Keywords: C71 ; C91 ; D03 ; D85 ; ddc:330 ; networks ; clustering ; communication ; credibility ; cheap talk ; experiment
    Language: English
    Type: doc-type:workingPaper
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  • 4
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    Unknown
    Bonn: Institute of Labor Economics (IZA)
    Publication Date: 2019-09-04
    Description: The effectiveness of social interaction depends strongly on an ability to coordinate actions efficiently. In large networks, such coordination may be very difficult to achieve and may depend on the communication technology and the network structure. We examine how pre-play communication and clustering within networks affect coordination in a challenging experimental game on eight-person networks. Free-form chat is enormously effective in achieving the nonequilibrium efficient outcome in our game, but restricted communication (where subjects can only indicate their intended action) is almost entirely ineffective. We can rationalize this result with a novel model about the credibility of cheap-talk messages. This credibility is much larger with freeform message communication than with restricted communication. We are the first to model this credibility and show, both theoretically and experimentally, an interaction effect of network structure and communication technologies. We also provide a model of message diffusion, which indeed predicts that diffusion will be more rapid without clustering and is consistent with our data.
    Keywords: C71 ; C91 ; D03 ; D85 ; ddc:330 ; networks ; clustering ; communication ; credibility ; cheap talk ; experiment
    Language: English
    Type: doc-type:workingPaper
    Location Call Number Limitation Availability
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  • 5
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    Unknown
    Basel: MDPI
    Publication Date: 2017-08-26
    Description: This paper considers a population of agents that are engaged in a listening network. The agents wish to match their actions to the true value of some uncertain (exogenous) parameter and to the actions of the other agents. Each agent begins with some initial information about the parameter and, in addition, is able to receive further information from their neighbors in the network. I derive a closed expression for the (interim) social welfare loss that depends on the initial information structure and on the possible pieces of information that can be gathered under the network. Then, I explore how changes in the network may affect social welfare for extreme levels of complementarity in the agents' actions. When the level of complementarity is very high, efficiency is achieved regardless of the network structure. For very low levels of complementarity in actions, efficiency can be either associated to more sparse or denser networks, depending on the size of the induced informative gains. The implications of this paper are relevant in security environments where agents are naturally interpreted as analysts who try to forecast the value of a parameter that describes a threat to security.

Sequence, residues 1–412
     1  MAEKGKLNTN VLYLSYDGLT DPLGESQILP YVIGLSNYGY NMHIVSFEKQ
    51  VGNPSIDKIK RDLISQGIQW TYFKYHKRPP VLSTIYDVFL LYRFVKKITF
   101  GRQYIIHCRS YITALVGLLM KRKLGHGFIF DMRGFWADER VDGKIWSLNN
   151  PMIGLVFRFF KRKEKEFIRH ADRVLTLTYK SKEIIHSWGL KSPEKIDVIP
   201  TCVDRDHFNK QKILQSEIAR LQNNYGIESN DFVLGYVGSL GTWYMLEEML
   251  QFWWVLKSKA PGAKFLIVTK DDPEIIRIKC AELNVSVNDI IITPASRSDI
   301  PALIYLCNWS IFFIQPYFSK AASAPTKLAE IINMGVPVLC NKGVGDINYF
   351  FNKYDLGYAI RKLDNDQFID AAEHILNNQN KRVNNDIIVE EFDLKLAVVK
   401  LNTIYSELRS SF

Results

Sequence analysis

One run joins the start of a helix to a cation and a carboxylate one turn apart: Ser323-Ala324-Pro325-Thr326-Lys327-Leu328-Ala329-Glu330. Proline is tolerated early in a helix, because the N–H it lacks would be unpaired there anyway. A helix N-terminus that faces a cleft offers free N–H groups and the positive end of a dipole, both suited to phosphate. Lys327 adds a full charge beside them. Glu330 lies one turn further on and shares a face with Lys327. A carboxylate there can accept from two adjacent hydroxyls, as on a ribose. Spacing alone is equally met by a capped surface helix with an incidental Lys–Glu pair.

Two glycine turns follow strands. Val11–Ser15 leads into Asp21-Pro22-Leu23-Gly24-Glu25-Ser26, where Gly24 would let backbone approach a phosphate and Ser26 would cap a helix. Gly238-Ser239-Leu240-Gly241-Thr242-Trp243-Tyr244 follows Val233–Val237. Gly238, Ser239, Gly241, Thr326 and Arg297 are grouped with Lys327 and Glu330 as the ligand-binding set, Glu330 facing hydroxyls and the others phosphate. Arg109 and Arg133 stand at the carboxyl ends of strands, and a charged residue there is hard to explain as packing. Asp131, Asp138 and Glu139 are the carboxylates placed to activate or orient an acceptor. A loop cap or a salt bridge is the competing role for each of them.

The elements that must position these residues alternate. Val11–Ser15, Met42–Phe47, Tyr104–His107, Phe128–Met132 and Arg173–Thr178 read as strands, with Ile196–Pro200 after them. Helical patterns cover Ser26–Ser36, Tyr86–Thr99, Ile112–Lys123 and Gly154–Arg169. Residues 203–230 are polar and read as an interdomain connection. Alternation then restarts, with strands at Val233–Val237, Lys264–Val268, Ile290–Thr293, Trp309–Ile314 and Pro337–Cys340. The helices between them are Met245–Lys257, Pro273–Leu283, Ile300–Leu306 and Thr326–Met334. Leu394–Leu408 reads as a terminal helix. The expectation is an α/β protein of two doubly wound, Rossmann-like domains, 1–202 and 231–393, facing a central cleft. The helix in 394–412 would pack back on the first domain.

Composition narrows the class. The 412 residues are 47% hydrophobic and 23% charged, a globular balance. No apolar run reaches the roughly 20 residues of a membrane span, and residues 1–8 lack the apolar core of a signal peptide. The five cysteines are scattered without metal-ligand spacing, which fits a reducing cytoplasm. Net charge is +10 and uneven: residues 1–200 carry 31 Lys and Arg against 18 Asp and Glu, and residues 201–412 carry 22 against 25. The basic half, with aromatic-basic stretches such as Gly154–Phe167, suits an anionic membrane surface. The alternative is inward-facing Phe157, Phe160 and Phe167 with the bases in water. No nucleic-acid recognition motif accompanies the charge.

Keywords: C72 ; D83 ; D84 ; D85 ; ddc:330 ; networks ; information aggregation ; beauty-contests ; strategic complementarity ; social welfare
    Language: English
    Type: doc-type:article
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  • 6
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    Unknown
    Bonn: Institute for the Study of Labor (IZA)
    Publication Date: 2018-11-15